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Peter Hannaford, Tutor (Art Skills). Member since 2011
My childhood and early adult life were very difficult and included a lot of rejection and ridicule. This led to low self-esteem and poor educational outcomes. Some long stays in psychiatric hospitals came later on. (About 25 years ago I read with interest about a study by a professor of psychiatry at Melbourne University whose long-term interest in visual artists had led him to the conclusion that they have three to four times the amount of mental illness found in the general public. You only have to look in art history books to see that has probably always been the case.)
I left school at 14, joined the Navy at 19, and had a mostly unhappy ten-year marriage with someone who was at least as dysfunctional as I was.
My interest in art began as a 20-year-old sick berth attendant in the Navy, when I took up a sketching course by correspondence. I had never done art as a child or as a school subject, but here at last was something I was good at and felt a passion for! This in turn began to spark off an interest in gaining other knowledge, usually in a self-taught way. I left the Navy as soon as possible, partly because I disagreed with what I saw as the illegal and immoral Vietnam War (I had spent some time on the troop carrier that took the first Australian troops and Army equipment over in 1965). On leaving the Navy I joined in the anti-Vietnam war moratoriums and my political outlook became increasingly left-wing.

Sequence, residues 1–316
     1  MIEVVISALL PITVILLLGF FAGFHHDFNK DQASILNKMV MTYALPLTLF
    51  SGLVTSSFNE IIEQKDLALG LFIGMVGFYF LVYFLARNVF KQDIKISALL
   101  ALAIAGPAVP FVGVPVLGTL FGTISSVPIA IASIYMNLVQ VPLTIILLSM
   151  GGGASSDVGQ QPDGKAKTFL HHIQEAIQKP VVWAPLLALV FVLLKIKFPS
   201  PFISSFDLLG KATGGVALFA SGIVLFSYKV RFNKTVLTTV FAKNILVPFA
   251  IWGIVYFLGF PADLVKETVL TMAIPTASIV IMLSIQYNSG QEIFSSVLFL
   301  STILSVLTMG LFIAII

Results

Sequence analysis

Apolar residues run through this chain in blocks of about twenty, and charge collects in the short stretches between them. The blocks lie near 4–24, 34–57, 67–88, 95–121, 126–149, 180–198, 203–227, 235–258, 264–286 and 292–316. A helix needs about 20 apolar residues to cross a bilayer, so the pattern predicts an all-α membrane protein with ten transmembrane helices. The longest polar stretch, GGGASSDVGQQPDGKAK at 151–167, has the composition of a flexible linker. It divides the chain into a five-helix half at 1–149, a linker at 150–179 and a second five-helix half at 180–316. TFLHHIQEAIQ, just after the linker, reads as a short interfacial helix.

Eleven years of mostly self-taught art, and a couple of Year 12 subjects at night school, led to four years at art school in my early 30s. My choice of a fairly new, lesser known art school (though now part of RMIT) was deliberate, as it allowed a significant degree of experimentation and a self-reliant approach to a wide variety of art subjects. My later employment history included proofreading at the afternoon paper The Herald, ten years as a state enrolled nurse, and a few art jobs in industry, including some freelance commercial art. I also produced lots of voluntary art for the left-wing political and humanitarian groups I had become involved in.
Starting as a 3rd year undergraduate, I exhibited at some prestigious galleries on and off for fifteen years, but increasingly returned to art forms that are more accessible to everyday people with limited art education. With this outlook, and some experience of unpaid teaching in community settings, U3A seemed ideal to me. And so far my U3A tutoring seems to have been much appreciated, with a lot of demand for this type of beginner’s art course.
In return, my involvement in U3A has helped me maintain a more positive outlook. The feisty independent women that have been my students, together with like-minded people I have met when attending meetings and social events, have given so much back in knowledge and wisdom, they have inadvertently boosted me psychologically, while the necessary effort involved in teaching and learning new skills has enhanced my relationships with my modest group of deep-thinking, close friends. This is way more rewarding than earning a living from tutoring in less favourable circumstances.
Peter Hannaford, October 2011
Photograph supplied by Leader Community Newspapers